I have searched every computer store in a one kilometer radius of my house and NO ONE has an 8 meter Ethernet cable. That means that although I now have my own computer in my room, I don’t have internet access (or a Hard Drive) and so I’m stuck without access to most of files and documents. Not to mention the fact that I can’t download new software and that I have to go to another room whenever I need to use the Internet. Frankly this is getting on my nerves. I’ve told one computer store to get me a cable and they’re supposed to get it tomorrow. However I have my doubts, since they were supposed to get it today and they haven’t got it. But there is always hope!
Ye, it is possible, and I'm going to tell you why and how. So hold on. First here's why you don't need a hard disk: All you really need to run a computer is an operating system, which can access and use the computer's processor and dynamic memory (RAM). It really doesn't matter where this operating comes from. The Hard drive is just a place to store the operating system, software and other information when it's not being used. In theory you can use any storage media to store all this. Guess what, you can do it in practice too. It's just a simple case of writing software designed to run off your desired storage medium and not the hard disk. No, you don't have to do it yourself. People have done it already.
My latest discovery is a beautiful piece of technical wizardry that goes by the unassuming name of Puppy Linux. it's a Live CD with a difference. Live CD's allow you to run an operating system straight off the CD. Unfortunately most Live CD's take the place of the Hard Drive a bit too closely, i.e. the software remains on the CD and is loaded into the RAM as and when needed. Puppy Linux turns this on it's head. When the CD boots, the whole OS is loaded into RAM. This is possible because the Operating System along with a variety of graphic tools, office software, multimedia programs and a full internet suite has been squeezed into a mere 60MB. So if you have a computer with just 64MB of RAM, you can run Puppy with ease. And the fun just starts there. Once the computer has booted up, you can actually take out the Puppy CD and put in another CD, without so much as missed byte. The Operating System simply doesn't care because it's all free of storage media. So you can listen to a music CD or even watch a DVD. And when you're done working, just pop in the Puppy Linux CD, and before shutdown any new files that you have created and any modfications you have made (including new programs installed) will be written to the free space on the disk. Now you not only have your documents on a portable CD, but your whole Operating System. (Yes, if you have a Hard Drive you can save files to it). And If all this CD swapping isn't your thing, your Puppy can even hitch a ride on a USB stick.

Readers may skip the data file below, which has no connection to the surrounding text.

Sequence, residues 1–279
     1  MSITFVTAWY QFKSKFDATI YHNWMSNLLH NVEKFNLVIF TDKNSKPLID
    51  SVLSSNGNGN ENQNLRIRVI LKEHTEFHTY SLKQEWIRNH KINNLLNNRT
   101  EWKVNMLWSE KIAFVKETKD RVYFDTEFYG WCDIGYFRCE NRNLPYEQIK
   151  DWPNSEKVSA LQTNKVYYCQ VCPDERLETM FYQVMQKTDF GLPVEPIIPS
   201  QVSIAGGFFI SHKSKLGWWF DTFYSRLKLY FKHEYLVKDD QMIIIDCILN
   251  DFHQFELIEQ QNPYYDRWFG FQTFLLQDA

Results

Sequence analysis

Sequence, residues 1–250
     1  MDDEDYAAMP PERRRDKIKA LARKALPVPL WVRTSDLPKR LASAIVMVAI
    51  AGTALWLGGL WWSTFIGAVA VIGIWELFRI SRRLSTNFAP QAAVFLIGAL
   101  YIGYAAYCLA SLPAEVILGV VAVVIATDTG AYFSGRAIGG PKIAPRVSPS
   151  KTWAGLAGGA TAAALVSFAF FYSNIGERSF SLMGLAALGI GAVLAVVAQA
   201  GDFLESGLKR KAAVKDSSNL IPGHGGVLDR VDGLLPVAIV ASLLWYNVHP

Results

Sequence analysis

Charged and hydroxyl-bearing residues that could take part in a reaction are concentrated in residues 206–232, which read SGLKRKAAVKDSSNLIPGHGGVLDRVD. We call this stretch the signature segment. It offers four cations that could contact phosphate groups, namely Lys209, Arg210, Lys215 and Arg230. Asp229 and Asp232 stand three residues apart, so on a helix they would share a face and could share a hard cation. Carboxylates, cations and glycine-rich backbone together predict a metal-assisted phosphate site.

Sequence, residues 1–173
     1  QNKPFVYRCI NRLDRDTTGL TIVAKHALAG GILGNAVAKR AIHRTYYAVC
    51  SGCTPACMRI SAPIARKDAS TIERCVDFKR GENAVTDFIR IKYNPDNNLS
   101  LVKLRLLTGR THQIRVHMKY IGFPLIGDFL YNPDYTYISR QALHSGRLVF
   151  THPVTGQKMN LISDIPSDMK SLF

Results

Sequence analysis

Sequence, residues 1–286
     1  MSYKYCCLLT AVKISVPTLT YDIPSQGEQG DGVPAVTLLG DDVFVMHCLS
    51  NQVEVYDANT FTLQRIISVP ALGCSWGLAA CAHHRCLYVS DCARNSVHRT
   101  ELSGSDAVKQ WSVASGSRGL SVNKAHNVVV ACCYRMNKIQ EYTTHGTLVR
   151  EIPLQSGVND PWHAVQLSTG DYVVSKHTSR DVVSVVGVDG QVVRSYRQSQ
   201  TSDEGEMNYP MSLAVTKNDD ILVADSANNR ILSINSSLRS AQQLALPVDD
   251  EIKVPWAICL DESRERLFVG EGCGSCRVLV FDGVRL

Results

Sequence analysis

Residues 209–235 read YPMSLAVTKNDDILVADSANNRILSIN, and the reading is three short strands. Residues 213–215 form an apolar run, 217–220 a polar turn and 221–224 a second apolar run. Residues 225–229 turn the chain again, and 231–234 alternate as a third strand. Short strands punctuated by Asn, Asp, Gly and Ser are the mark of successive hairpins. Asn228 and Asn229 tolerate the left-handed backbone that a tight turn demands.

So what you are waiting for? Trash that hard disk and go adopt a Puppy today!
I just put together the computer today in the morning, but apparently the hard drive has developed bad sectors, right at the start of the disk, which is blocking all input/output communication with the disk. So my Massive Multiboot project has come screeching rather loudly to halt. After spending a few hours in extreme depression, I am now ready to embark on my next project: Running a full-fledged Linux machine, without a hard disk. More on that tomorrow.
Multibooting a host of different Operating Systems is a challenge, but first I need to get a machine to multiboot on. Here are the system specs in case you're interested: